COLUMBUS, Ohio (AP) – Gov. John Kasich said he was pleased with the two-year, $71.2 billion state operating budget that lawmakers sent him on Friday, but he noted some items would get vetoed.
The Republican governor, who appeared at a news conference with GOP legislative leaders, declined to go into the details.
“We try to be and have been pretty sparing,” Kasich told reporters. “But there are going to be some vetoes and there will probably be some disagreements on the vetoes.”
Kasich said he hasn’t made a final decision on what to strike from the sweeping budget bill. Tuesday is his deadline to sign it.
The governor praised the budget’s tax cuts, relief for small businesses and state investments in education, while describing a proposal to create a health savings account for some on the Medicaid program as “as a little clunky.”
The budget plan spends $955 million more in basic state aid for K-12 schools than the last two-year period, with no district getting less than what it got this year. It also boosts state funding for higher education to help offset a two-year tuition freeze at public universities. Colleges also must propose ways to reduce student costs by 5 percent.
The spending measure would provide a 6.3 percent state income tax cut beginning in tax year 2015 as a part of a roughly $1.9 billion net tax reduction. That would lower the top income tax rate to just below 5 percent.
“What we’ve achieved here we should be able to crow about from the roof of this Capitol and across our great state,” Kasich said.
Smokers would see a 35-cent increase on a pack of cigarettes under the bill, which also set aside money for police training, eliminates special elections in February and prohibits independent health care and child care workers under contract with the state from unionizing.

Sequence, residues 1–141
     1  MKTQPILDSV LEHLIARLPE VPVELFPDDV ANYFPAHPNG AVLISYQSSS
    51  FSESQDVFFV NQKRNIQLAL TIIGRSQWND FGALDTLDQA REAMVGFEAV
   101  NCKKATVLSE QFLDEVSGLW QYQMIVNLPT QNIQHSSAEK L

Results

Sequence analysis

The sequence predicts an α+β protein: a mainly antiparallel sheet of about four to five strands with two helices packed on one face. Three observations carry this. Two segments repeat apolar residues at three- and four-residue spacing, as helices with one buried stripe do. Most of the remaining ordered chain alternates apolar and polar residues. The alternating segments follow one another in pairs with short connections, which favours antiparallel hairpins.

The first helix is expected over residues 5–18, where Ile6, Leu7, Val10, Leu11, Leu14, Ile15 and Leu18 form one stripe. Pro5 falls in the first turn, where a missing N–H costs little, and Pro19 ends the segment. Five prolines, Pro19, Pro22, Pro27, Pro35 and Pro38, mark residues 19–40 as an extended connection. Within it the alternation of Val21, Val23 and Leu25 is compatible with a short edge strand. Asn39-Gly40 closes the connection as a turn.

The spending plan does not include a proposed tax increase on Ohio oil-and-gas drillers that had been a priority for Kasich.
Instead, legislative leaders announced earlier this month that a task force would review the issue and report back by Oct. 1.
Kasich said he would continue to push for the idea and believed the leaders were serious about achieving something.
“Things don’t always happen overnight,” he said. “And it’s an issue that people are concerned about.”
Earlier Friday, the Republican-dominated House voted 61-32 to send the measure to the governor.
Ahead of the vote, House Democrats criticized the budget agreement, saying it fails to properly fund education and makes tax changes that shift burdens from the wealthy to the middle class and the poor. They also criticized provisions that they say attack organized labor rights and create barriers to getting health care for some people.
Rep. Denise Driehaus of Cincinnati, the top Democrat on the House Finance Committee, said the budget was a missed opportunity.
“We as a General Assembly had an opportunity to create something that really was meaningful and that really would help the majority of the citizens of the state, and this budget fails that test,” Driehaus said.
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